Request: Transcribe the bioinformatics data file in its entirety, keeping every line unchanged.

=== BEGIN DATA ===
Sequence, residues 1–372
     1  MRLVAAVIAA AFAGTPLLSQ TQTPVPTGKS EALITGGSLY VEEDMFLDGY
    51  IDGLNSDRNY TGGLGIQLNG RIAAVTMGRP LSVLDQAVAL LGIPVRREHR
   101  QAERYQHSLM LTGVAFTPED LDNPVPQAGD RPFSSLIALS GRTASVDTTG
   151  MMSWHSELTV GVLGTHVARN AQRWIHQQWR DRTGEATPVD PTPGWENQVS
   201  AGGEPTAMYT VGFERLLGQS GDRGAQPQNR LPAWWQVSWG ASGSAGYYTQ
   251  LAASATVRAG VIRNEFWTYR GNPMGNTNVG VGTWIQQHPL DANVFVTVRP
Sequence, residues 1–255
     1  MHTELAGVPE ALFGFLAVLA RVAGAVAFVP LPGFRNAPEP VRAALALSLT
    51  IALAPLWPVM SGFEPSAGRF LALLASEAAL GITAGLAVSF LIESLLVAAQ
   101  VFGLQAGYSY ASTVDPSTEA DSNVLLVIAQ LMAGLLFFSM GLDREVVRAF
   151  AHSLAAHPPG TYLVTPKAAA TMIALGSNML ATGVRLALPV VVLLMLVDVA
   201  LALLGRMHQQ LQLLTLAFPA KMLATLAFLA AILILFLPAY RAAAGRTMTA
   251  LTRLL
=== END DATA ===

Sequence, residues 1–372
     1  MRLVAAVIAA AFAGTPLLSQ TQTPVPTGKS EALITGGSLY VEEDMFLDGY
    51  IDGLNSDRNY TGGLGIQLNG RIAAVTMGRP LSVLDQAVAL LGIPVRREHR
   101  QAERYQHSLM LTGVAFTPED LDNPVPQAGD RPFSSLIALS GRTASVDTTG
   151  MMSWHSELTV GVLGTHVARN AQRWIHQQWR DRTGEATPVD PTPGWENQVS
   201  AGGEPTAMYT VGFERLLGQS GDRGAQPQNR LPAWWQVSWG ASGSAGYYTQ
   251  LAASATVRAG VIRNEFWTYR GNPMGNTNVG VGTWIQQHPL DANVFVTVRP
Sequence, residues 1–255
     1  MHTELAGVPE ALFGFLAVLA RVAGAVAFVP LPGFRNAPEP VRAALALSLT
    51  IALAPLWPVM SGFEPSAGRF LALLASEAAL GITAGLAVSF LIESLLVAAQ
   101  VFGLQAGYSY ASTVDPSTEA DSNVLLVIAQ LMAGLLFFSM GLDREVVRAF
   151  AHSLAAHPPG TYLVTPKAAA TMIALGSNML ATGVRLALPV VVLLMLVDVA
   201  LALLGRMHQQ LQLLTLAFPA KMLATLAFLA AILILFLPAY RAAAGRTMTA
   251  LTRLL